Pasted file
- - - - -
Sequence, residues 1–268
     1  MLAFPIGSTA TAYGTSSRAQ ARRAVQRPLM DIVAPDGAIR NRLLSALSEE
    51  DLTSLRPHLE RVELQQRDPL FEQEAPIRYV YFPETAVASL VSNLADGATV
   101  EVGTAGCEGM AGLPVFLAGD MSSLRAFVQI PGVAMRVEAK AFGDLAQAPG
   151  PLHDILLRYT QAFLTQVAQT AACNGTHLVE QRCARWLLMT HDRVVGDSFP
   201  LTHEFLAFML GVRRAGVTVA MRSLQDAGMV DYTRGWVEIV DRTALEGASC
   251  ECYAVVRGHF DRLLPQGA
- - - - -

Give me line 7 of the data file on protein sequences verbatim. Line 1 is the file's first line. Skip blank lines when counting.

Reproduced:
   251  ECYAVVRGHF DRLLPQGA